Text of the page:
Last November, I declared the oncoming season “The Winter of the Knish.” Little did I comprehend at that time how seriously this knish-worthy winter would kick my tuchis: the coldest February on record and ungodly amounts of snow have rendered any outdoor activity, with the possible exception of shoveling  (So. Much. Shoveling.), nigh on impossible. Keeping our old drafty house warm challenges our middle-aged boiler. Even the cats burrow under the bedcovers or hop into any available lap to ward off the chill.

Leave a bed unmade for five minutes and this happens.

Leave a bed unmade for five minutes and this happens.

In short: this ain’t salad weather. In fact, any food served at less than mouth-singeing temperature simply won’t do. It’s stick-to-your-ribs, warm-you-from-the-inside-out food weather. The frigid temperatures call for starch, meat, salt, fat.

So, yeah: knish just got real.

A knish doesn’t just fill the belly. It fills the soul. It brings together nuggets of slowly caramelized onions, robust chunks of potato, and anything else you crave, snuggled in a blanket of savory pastry. It’s the Snuggie® of the food world. Eat a knish and plop yourself on the sofa in front of endless episodes of Dr. Who*; soon you will cease to concern yourself whether or not spring will ever arrive. As my friend Nina explains, “A knish is a hand-held mashed potato delivery system. What’s not to love?”

*Full disclosure: I still like the Ninth Doctor the best.

I would be willing to bet that the Doctor would have enjoyed the odd knish or two.

I would be willing to bet that the Doctor would have enjoyed the odd knish or two.

I used the better part of two snowy days to do some deep knish exploration. The dough is a dream to work with: fatty and pliable; the caramelized onions and mashed potatoes fill the house with an aroma that holds forth a umami promise. Plus, I considered the activity as housekeeping: my knish-making gave me the opportunity to use up lots of bits of stuff taking up space in the fridge and freezer.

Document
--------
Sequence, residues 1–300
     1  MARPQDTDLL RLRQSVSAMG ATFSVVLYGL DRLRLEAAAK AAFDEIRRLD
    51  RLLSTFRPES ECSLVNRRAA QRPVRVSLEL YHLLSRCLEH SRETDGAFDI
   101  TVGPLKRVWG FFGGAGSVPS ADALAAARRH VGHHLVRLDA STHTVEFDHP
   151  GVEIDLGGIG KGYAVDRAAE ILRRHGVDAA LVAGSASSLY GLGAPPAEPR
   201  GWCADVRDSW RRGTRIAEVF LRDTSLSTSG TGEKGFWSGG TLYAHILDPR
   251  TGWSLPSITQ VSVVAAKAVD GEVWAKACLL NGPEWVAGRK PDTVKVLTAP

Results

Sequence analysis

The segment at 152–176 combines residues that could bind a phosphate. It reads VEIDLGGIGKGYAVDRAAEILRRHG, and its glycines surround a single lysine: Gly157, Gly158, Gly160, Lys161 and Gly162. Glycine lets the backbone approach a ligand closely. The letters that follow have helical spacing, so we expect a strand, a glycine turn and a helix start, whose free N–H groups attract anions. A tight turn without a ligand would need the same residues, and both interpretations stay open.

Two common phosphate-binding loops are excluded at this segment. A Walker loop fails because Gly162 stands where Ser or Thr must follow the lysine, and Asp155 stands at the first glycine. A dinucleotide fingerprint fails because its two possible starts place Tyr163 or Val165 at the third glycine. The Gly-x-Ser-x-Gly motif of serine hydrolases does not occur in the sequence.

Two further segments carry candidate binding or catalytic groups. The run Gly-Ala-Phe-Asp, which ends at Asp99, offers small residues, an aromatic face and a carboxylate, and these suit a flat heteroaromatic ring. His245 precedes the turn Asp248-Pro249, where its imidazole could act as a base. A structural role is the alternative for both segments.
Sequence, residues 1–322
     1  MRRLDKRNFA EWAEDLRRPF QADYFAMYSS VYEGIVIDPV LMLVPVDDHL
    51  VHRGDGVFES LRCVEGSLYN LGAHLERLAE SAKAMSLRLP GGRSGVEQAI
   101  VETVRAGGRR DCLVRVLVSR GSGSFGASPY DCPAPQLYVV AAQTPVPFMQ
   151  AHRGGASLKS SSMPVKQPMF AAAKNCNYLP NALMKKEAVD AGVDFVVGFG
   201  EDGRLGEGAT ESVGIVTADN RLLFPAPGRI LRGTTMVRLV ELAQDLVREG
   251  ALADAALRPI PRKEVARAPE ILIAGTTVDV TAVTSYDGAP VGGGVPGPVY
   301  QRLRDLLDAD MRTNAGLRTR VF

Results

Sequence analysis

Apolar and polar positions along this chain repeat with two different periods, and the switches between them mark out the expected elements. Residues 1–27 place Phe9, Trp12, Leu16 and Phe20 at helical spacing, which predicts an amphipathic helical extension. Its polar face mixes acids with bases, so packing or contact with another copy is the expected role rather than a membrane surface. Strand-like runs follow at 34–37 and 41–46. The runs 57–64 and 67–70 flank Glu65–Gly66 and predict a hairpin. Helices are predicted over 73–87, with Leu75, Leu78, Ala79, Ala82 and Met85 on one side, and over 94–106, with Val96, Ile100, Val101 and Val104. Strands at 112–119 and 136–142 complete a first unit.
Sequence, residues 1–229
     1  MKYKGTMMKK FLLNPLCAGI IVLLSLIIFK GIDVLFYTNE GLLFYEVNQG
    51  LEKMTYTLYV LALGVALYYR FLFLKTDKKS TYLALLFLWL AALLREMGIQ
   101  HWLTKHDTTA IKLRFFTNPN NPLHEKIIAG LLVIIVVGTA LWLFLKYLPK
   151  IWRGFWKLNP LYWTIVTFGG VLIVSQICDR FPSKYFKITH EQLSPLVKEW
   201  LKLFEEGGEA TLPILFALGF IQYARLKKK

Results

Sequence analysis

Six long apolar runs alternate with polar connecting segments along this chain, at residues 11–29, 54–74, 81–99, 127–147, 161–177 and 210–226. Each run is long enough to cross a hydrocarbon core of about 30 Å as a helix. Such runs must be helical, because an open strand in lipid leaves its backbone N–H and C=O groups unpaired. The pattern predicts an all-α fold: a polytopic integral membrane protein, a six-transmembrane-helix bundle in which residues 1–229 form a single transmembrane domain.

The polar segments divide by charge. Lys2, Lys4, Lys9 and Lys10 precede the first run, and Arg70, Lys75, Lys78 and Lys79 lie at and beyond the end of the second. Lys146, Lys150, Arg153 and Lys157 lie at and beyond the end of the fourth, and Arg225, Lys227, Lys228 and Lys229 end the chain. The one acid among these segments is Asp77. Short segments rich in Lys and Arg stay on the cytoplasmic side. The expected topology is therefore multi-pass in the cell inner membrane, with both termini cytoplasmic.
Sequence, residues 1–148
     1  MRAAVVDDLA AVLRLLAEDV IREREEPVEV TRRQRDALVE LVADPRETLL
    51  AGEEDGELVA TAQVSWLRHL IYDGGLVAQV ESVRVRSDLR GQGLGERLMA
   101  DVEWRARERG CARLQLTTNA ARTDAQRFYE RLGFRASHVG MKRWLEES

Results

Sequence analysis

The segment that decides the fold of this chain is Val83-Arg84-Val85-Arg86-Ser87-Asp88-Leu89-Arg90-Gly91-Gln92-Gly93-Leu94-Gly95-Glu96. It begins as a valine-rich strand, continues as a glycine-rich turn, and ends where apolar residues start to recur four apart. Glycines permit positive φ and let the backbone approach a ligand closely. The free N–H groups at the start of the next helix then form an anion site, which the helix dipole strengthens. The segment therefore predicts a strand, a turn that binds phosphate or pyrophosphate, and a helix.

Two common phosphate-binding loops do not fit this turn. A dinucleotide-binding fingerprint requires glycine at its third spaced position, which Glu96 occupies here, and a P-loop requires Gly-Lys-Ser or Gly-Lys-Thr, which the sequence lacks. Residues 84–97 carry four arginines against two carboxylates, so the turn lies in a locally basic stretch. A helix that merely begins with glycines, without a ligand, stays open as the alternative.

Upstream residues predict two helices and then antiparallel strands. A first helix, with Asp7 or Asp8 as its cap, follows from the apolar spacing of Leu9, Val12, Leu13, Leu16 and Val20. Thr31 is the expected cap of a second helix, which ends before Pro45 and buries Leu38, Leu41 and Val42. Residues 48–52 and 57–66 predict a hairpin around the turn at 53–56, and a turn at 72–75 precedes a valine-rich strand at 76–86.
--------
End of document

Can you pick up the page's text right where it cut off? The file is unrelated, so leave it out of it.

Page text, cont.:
For example;

Smoked pork belly, bacon-braised collards (left over from an attempt to recreate a meal I had last month at Sean Brock’s restaurant Husk in Charleston, S.C.):

Smoked pork, bacon braised collards, mashed potato.

Smoked pork, bacon braised collards, mashed potato.

Braised veal breast (dug out of the freezer, a remnant of our Christmas dinner), braised cabbage, and sautéed mushrooms:

Veal breast, sauteed mushrooms, braised cabbage, mashed potato.

Veal breast, sauteed mushrooms, braised cabbage, mashed potato.

I also made some with braised lamb shank meat (the result of an experiment with my combo pressure cooker-slow cooker) and roasted carrot, but I forgot to take a picture of the filling.

Not the pretties knishes, but freshly baked.

Not the prettiest knishes, but freshly baked.

Did I mention I made about a million of these over two snowy days? Did I also mention that I tried, with as much delicacy as possible, to foist knishes off on anyone whom I thought might be remotely interested? Do you know how hard it is, in these carb-eschewing times, to find a good home for a knish?

With an abundance of knishes, and since I’m the type who likes to take advantage of guests in my home, I served many of these dumplings to the lovely ladies from my book club on an evening in which we discussed the new Nick Hornby novel, Funny Girl. (NB: I liked but did not love the book, but I still love Nick Hornby.) I think there’s something badass about a woman who can throw down on a knish.

The Very Fine Ladies of Book Club, ready to dish on some knishes.

The Very Fine Ladies of Book Club, ready to dish on some knishes.

The star comestible of the evening, though, was this delightful Furmint, a great balance of acidity, fruit, spice, and minerality, and an excellent value at under $15 a bottle. It stood up well to the richness of the knishes, but I imagine it would also do well with sushi.